Liked by 2 people

    • Susie, you may be right. I communicate MUCH more with author-type people I’ve BEEN communicating with than I do newer author people, but I do try to fold in new friends.

      Hosting a fitness challenge sounds amazing! What a good idea. If it didn’t get the turnout you wanted, remember most events like that don’t do too hot in year 1 because it’s your first time doing it, too. The people come, they have fun, and they tell others and come back themselves, so in subsequent years it does better- and you know more about how to promote it as well.

      I have a friend in Colorado that does n Oktoberfest to raise money for Long QT Syndrome, a rare heart condition. It’s a glorified party in his back yard. I think he’s on year 10 and has to bring in 20 port-a-potties and zillions of kegs and sausages, hundreds of people go every year, raising over $11,000 last year (maybe $15,000, I don’ remember). He just said each year they learned a little more about promoting it and getting sponsors, and it just kept growing.

      I looked at the MANY amazing pictures on your blog and I can’t imagine somebody with your spirit and determination NOT making next year’s Wild Rider Fitness Challenge even bigger and better.

      BTW, who TAKEs all those pics of you doing all that crazy stuff?

      Like

      • Thanks so much! My husband takes pictures if I’m in them. Otherwise it’s yours truly behind the lens.
        I may do the WRFChallenge next year and see how it goes. I’m always challenging myself to go out exploring anyway! We saw moose last weekend. Right now, I’m focusing on writing books and screenplays. It’s a crazy life in keeping everything in the air!
        Thanks for stopping by the Wild Ride.

        Liked by 1 person

  3. I enjoyed this post and totally agree with you. Very nice photo of you and your daughter. 😃 I haven’t been blogging long ..just posted my 100th post, according to what it showed when I hit the publish button, but I’m not interested in numbers…I just wonder how you keep up with so many responders. I would like to acknowledge each. But even with the ones I have right now…I just can not. My email box is full and it takes time to open them and clear the box…I can’t imagine what yours looks like! I enjoy spending time reading others posts and working on my stories, etc. There is such a wealth of knowledge out there and I love having the opportunity of tapping into it!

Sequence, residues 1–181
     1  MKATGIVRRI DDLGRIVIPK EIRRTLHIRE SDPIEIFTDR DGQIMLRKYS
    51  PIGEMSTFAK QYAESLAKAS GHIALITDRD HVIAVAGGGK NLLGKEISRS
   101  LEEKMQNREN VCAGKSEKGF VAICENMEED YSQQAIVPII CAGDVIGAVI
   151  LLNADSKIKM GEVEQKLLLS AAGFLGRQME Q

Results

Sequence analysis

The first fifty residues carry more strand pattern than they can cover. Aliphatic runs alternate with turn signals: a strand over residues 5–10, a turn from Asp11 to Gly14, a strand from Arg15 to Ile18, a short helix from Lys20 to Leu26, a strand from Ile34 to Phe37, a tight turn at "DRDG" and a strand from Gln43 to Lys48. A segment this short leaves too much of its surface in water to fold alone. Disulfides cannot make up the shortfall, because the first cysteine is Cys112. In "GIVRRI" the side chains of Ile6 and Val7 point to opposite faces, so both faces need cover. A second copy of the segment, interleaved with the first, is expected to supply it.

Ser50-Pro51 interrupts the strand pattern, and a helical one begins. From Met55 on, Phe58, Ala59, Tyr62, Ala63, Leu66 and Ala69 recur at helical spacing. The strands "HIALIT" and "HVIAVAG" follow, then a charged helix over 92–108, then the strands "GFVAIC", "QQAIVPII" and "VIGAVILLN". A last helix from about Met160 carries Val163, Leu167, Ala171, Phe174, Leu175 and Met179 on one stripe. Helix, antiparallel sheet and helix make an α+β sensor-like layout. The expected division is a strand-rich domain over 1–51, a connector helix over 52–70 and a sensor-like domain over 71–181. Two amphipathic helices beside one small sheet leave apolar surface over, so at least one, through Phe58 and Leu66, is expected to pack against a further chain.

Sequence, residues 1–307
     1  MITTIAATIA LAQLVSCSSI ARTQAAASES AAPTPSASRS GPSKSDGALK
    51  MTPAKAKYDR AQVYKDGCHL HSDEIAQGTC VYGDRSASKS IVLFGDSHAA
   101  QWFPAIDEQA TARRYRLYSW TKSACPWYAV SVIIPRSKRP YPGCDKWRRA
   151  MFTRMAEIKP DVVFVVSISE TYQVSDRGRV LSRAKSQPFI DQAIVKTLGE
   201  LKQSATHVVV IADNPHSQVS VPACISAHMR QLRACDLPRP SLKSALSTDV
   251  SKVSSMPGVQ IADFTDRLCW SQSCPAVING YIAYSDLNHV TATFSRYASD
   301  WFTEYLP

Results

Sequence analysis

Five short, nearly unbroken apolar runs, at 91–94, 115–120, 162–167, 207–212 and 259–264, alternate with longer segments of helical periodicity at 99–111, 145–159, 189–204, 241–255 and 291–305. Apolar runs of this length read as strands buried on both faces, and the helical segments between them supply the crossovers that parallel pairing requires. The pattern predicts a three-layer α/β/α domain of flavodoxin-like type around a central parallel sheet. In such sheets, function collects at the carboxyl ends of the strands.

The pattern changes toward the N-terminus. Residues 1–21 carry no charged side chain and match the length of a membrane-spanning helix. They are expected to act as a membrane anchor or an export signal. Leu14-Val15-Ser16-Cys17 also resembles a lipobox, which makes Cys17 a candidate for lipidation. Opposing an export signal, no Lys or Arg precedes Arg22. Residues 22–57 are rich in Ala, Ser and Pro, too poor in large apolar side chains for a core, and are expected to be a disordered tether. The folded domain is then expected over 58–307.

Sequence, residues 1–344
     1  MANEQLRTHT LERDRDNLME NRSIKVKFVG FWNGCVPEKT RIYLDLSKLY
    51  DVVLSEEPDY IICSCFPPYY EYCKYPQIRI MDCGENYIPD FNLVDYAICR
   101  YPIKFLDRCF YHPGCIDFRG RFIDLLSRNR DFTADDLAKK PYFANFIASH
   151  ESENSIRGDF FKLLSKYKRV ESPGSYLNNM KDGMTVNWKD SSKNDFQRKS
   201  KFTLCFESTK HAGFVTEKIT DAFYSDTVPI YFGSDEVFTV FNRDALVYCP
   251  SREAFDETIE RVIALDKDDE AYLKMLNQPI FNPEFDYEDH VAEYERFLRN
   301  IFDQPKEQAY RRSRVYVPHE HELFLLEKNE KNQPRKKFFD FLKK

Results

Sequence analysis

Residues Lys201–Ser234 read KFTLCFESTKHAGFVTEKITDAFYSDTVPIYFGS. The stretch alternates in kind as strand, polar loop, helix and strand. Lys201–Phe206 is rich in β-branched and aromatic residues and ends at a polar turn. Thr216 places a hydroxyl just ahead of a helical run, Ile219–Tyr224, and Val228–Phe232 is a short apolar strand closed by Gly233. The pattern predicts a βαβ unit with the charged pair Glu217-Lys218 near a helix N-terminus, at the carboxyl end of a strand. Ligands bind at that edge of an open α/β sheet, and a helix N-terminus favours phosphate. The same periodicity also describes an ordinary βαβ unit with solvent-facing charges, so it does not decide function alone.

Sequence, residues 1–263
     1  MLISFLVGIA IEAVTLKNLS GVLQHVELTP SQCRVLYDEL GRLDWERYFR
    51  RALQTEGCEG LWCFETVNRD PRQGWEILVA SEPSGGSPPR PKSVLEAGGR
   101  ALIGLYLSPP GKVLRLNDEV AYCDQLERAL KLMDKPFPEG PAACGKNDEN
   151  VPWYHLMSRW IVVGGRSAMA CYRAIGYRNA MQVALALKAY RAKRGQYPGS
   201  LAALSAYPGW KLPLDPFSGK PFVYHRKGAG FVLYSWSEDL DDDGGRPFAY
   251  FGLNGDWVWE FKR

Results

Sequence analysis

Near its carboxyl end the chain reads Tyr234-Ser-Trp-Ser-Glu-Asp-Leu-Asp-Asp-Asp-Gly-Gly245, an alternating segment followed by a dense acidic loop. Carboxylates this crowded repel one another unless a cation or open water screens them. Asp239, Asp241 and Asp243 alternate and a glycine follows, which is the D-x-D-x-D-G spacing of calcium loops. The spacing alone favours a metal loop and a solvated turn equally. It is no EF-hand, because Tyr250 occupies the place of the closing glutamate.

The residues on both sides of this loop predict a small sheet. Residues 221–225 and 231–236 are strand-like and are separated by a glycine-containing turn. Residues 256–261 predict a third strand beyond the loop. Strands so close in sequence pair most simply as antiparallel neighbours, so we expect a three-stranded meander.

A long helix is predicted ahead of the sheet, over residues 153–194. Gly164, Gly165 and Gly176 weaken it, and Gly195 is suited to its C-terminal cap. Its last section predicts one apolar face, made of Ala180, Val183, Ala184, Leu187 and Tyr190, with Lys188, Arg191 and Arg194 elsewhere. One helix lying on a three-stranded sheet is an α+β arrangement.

Liked by 1 person

  4. Great question, Lucky!

    I have it set up to email me, and I can use my phone to see the emails as they come in. Now, that can be tedious, but maybe it takes about two hours to reply to all of them – but that’s all spread out. It’s usually 2 minutes here and there, whenever I have a second. Most replies are don EARLY in the morning or on Sundays and Monday which are slow days for me.

    But what I do MOST OFTEN is check it when I’m in line at the grocery store, stuck in the drive through, resting between sets during a workout (that’s a biggie)… I try to put productive stuff into the tiny gaps I see all day.

    Like

  5. Ah yes, the lack of readership. I can’t tell you how many times I’ve vowed to walk away from my blog because it isn’t paying off. A platform? Ha. This puppy needs legs! But then I’ll get a great comment, or a surge in readership, and I’m back in the writing saddle. It’s best to write your truth as you say, and leave the stat-checking alone. Just write the darn thing.

    Liked by 1 person

    • I agree, Diane. And the worst thing is, you only see blogs that have more comments than yours, or more followers, which may not be a fair comparison. Meanwhile, it’s hard to see how many people are actually reading another blog, so you never really know who’s doing what.

      Like